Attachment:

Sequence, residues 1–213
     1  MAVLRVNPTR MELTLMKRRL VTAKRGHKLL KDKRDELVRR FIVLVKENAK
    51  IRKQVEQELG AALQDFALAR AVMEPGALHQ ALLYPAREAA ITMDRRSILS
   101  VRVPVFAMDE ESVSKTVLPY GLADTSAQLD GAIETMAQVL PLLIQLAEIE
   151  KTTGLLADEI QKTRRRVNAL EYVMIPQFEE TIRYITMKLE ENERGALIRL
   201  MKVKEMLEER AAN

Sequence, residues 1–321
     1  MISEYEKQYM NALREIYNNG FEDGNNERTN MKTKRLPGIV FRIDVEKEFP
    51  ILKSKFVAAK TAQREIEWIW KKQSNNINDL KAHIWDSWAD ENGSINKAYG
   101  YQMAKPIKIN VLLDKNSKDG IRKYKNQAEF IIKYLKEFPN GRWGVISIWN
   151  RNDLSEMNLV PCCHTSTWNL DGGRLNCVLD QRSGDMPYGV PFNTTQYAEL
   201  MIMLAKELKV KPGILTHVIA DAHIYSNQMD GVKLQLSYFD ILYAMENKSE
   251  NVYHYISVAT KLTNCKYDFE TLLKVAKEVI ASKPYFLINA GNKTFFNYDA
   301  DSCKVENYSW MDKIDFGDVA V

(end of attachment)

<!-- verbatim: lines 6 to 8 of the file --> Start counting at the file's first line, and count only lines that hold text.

   201  MKVKEMLEER AAN

Sequence, residues 1–321
     1  MISEYEKQYM NALREIYNNG FEDGNNERTN MKTKRLPGIV FRIDVEKEFP